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I’ve written about the weekly Soup Kitchen Church that I lead multiple times on The Twelve. It’s both the most demanding and the greatest joy of my week. (You can read a bit more about it in the recent post in The Christian Century.)
We’ve essentially planted a church within a church, centered around a meal and a safe space for some of the most vulnerable populations in New York City. Jesus shows up, not always with the appearance or odor that we are used to. But it is Jesus all the same. By the grace of God we gather together each week. This is bigger than my ego, bigger than my church, bigger than us. There is belonging, there is love.
Every week I tell our volunteers a version of the Benedictine credo: “We welcome Christ today. We welcome the Christ who is thankful and we welcome the Christ who could care less about thanking you for your service. We welcome Christ who smells of urine and the streets of New York City. We welcome Christ whose faith wakes them up each day and gives them the strength to keep going. We welcome Christ who comes to our doors looking for food, perhaps community, perhaps prayer, and we remain open.”
Teresa of Avila was right: “Christ has no body but yours.” But instead of quickly feeling self righteous about our good deeds, I believe Christ is the one eating the meal, not me serving the meal. Christ is the one who sits at the table, tired from being used and abused. Christ is the woman who just told the pervert on the subway to stop touching her. Christ is in the hands and feet of those just trying to make it each and every day.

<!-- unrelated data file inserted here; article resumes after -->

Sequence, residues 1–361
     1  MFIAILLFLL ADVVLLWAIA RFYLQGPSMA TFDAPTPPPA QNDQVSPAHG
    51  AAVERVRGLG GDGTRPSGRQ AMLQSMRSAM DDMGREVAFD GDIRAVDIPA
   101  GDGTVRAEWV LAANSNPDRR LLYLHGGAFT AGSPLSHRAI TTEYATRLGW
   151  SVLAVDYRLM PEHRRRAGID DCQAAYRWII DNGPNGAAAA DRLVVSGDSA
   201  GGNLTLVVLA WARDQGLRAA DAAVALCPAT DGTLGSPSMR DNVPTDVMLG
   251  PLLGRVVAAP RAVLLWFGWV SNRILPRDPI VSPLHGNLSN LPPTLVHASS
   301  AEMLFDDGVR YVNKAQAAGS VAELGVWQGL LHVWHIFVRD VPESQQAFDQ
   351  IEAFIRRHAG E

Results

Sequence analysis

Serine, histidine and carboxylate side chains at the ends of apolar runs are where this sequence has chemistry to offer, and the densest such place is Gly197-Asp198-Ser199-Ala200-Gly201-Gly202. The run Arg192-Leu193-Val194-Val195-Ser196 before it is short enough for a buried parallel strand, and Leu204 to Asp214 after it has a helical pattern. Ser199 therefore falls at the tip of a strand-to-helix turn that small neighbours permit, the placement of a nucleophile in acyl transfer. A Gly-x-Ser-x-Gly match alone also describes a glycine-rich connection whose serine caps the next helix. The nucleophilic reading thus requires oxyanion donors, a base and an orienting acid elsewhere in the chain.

I’m writing this on Tuesday night after our Soup Kitchen Church. I am equally amped up and utterly exhausted. We served 295 people a Thanksgiving meal today. 210 pounds of turkey and 75 pounds of mashed potatoes later, I sit at home with my whiskey reflecting on one of the biggest days of the year for this ministry. One of the church members who is fiercely protective of our soup kitchen came up to me and said, “Pastor Jes, word is out. Not only do you all serve the best food, but people know they are loved here. Just as they are.”
Love has a way of bringing people together, drawing them in and inviting them to the table.
Where do you go where you know that you are loved exactly as you are?
Today I might answer that question in the same way my soup kitchen community would answer it: I know I am loved exactly as I am at our Soup Kitchen Church. And I am grateful to know that hundreds of other people feel the exact same way.